Bird flu decimates Ritewood egg farm in Cache Valley, Zootah in quarantine – Cache Valley Daily

A sign by the door informs visitors that Zootah will be in quarantine on Friday, April 29, 2022 after a case of bird flu was diagnosed at the Logan Zoo. Photo by Will Feelright.

LEWISTON — Ritewood Inc. in Lewiston was decimated by bird flu on Friday, April 22, 2022. The virus has caused one of Utah’s largest egg producers to depopulate more than 1.4 million laying hens.

There is currently no way to estimate the total value of the loss.

The facility will need to be decontaminated after the birds are gone, it will take an estimated two years to get the operation where it was before this happened.

Ritewood Inc. and sister company Oakdell Egg Farms in Franklin use the strictest biosecurity measures available.

Zootah. Photo by Will Feelright

Currently, during the migration of ducks and geese to Cache Valley, it is difficult to keep it away from poultry farms along the waterways.

The egg company has been working on outdoor facilities for their chickens, as mandated by the Utah state legislature to keep chickens in a cageless environment.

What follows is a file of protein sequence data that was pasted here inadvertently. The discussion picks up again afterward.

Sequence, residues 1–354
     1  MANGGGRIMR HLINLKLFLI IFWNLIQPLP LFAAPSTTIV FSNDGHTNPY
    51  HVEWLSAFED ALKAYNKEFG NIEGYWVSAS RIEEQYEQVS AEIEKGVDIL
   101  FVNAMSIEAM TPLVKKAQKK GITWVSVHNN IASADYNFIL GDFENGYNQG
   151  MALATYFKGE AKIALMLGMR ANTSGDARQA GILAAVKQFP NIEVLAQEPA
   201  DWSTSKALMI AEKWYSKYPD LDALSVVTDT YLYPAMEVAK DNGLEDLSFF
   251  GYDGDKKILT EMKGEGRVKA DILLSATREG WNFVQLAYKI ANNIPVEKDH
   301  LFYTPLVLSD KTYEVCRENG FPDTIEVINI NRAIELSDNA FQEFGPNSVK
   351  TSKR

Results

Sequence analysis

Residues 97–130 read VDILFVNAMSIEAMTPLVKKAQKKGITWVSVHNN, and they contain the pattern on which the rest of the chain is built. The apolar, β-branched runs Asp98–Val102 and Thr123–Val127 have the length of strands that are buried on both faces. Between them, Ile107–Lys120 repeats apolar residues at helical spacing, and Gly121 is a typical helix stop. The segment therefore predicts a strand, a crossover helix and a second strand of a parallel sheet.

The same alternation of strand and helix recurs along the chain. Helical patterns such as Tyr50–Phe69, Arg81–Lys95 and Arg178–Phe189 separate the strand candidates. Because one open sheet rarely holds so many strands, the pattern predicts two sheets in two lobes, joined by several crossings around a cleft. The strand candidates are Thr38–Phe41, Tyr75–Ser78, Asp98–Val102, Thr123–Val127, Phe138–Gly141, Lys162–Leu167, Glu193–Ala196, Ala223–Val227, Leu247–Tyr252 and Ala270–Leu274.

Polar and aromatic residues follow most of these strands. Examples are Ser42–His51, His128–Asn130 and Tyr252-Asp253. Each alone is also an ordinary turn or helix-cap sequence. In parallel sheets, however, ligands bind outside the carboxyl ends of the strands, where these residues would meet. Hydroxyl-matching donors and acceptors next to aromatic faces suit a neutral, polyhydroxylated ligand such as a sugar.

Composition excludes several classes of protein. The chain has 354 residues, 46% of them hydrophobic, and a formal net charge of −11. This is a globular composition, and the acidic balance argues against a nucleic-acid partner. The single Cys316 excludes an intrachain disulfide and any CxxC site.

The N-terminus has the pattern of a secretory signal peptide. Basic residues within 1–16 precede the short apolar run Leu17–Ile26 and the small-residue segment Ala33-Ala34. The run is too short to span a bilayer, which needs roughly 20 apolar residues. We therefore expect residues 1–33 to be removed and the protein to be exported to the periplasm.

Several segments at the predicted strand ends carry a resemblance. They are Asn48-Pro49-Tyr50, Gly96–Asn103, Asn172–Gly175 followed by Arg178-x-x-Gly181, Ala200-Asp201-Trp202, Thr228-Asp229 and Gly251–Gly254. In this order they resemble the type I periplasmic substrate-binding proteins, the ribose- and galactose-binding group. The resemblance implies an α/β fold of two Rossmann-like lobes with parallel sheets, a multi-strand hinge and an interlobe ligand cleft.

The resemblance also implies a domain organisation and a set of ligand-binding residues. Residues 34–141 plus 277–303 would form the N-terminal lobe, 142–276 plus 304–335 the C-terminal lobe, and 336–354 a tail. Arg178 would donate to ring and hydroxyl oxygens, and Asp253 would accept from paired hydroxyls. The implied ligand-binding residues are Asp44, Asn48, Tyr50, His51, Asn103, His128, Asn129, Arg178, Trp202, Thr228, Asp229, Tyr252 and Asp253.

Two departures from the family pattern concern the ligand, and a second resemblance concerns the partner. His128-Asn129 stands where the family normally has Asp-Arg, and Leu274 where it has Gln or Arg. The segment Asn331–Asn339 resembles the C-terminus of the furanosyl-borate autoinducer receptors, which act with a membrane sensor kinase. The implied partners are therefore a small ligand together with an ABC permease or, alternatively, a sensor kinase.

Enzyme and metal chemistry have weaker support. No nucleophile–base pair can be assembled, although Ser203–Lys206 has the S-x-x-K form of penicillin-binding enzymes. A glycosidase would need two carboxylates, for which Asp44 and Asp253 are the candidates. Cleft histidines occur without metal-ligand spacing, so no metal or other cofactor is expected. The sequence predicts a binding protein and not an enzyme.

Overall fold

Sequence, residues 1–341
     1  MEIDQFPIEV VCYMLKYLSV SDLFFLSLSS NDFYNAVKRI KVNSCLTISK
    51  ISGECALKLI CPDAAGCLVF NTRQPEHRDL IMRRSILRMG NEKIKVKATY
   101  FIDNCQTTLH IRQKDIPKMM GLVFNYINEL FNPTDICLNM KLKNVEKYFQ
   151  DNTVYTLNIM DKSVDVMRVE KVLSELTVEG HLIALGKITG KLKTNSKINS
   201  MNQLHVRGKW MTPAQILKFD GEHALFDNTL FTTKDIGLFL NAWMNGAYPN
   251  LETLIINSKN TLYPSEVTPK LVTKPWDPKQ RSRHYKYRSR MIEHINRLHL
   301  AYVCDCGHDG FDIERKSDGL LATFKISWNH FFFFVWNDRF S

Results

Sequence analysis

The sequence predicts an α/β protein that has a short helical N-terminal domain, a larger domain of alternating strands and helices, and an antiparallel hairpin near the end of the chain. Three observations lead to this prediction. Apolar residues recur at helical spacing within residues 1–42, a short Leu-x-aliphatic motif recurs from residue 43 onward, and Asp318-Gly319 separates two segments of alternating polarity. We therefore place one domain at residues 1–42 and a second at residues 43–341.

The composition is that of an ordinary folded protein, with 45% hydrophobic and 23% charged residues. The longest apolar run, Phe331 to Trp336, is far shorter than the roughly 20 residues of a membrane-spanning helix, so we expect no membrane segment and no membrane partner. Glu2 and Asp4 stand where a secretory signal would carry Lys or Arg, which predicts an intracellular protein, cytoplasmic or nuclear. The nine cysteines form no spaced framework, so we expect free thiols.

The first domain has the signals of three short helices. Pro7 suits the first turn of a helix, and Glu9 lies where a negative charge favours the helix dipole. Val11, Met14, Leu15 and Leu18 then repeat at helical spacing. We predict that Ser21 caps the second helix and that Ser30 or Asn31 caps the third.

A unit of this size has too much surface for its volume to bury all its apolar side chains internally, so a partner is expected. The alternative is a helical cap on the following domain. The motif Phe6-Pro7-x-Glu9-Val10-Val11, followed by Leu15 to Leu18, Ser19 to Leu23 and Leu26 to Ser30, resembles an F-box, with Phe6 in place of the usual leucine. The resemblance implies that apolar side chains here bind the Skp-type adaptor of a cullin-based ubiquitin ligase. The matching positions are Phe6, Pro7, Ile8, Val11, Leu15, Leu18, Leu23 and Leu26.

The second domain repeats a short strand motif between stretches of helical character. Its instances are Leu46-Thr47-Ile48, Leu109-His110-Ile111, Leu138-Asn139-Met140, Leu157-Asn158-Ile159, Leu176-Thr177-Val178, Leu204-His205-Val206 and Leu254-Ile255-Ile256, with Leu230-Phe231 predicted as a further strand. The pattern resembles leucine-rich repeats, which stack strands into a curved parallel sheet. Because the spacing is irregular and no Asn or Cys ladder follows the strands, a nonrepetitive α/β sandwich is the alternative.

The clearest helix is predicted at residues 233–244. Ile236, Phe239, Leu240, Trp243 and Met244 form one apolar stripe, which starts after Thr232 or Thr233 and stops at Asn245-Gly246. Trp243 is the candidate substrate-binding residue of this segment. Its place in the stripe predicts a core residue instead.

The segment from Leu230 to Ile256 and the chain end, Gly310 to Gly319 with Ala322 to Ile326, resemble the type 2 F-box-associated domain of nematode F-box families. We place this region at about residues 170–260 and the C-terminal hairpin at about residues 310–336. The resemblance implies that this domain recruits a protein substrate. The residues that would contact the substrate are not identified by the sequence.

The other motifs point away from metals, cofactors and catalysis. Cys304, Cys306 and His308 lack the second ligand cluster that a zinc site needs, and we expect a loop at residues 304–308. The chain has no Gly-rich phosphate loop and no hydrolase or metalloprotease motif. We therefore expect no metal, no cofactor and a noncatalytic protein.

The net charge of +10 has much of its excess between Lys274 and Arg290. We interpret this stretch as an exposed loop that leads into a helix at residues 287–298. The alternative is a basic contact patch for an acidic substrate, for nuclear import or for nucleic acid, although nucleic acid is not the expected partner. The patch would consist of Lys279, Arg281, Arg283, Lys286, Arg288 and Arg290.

Another case of highly pathogenic avian influenza (HPAI) was confirmed Thursday in Cache County at the Zootah facility in Logan by Utah Department of Agriculture and Food (UDAF) officials.

The owners of Zootah immediately notified our office of the infected birdsaid Utah State Vet, Dr. Dean Taylor. “They have been working closely with our office on their response plan and implementing appropriate quarantine measures at their zoo.”

Zootah is under a state-ordered quarantine and is currently closed.

Because the affected birds are considered captive animals and not poultry, some of which are endangered species, UDAF officials are working with zoo owners to prevent depopulation of these birds.

Zootah at Willow Park in Logan. Photo by Will Feelright.

Bird owners in Cache Valley are encouraged to remain vigilant in monitoring their birds for symptoms and ensuring they follow good biosafety practices. Symptoms include high flock mortality, runny nose, loss of appetite or water consumption, and lack of coordination in birds. If birds experience any of these symptoms, contact the state veterinarian’s office immediately at [email protected] Early notification and action will help contain the disease.

According to the US Centers for Disease Control and Prevention, recent HPAI detections do not pose an immediate public health problem. One case of this strain of HPAI has been detected in Colorado. As a reminder, proper handling and cooking of all poultry and eggs to an internal temperature of 165˚F is recommended as a general food safety precaution.





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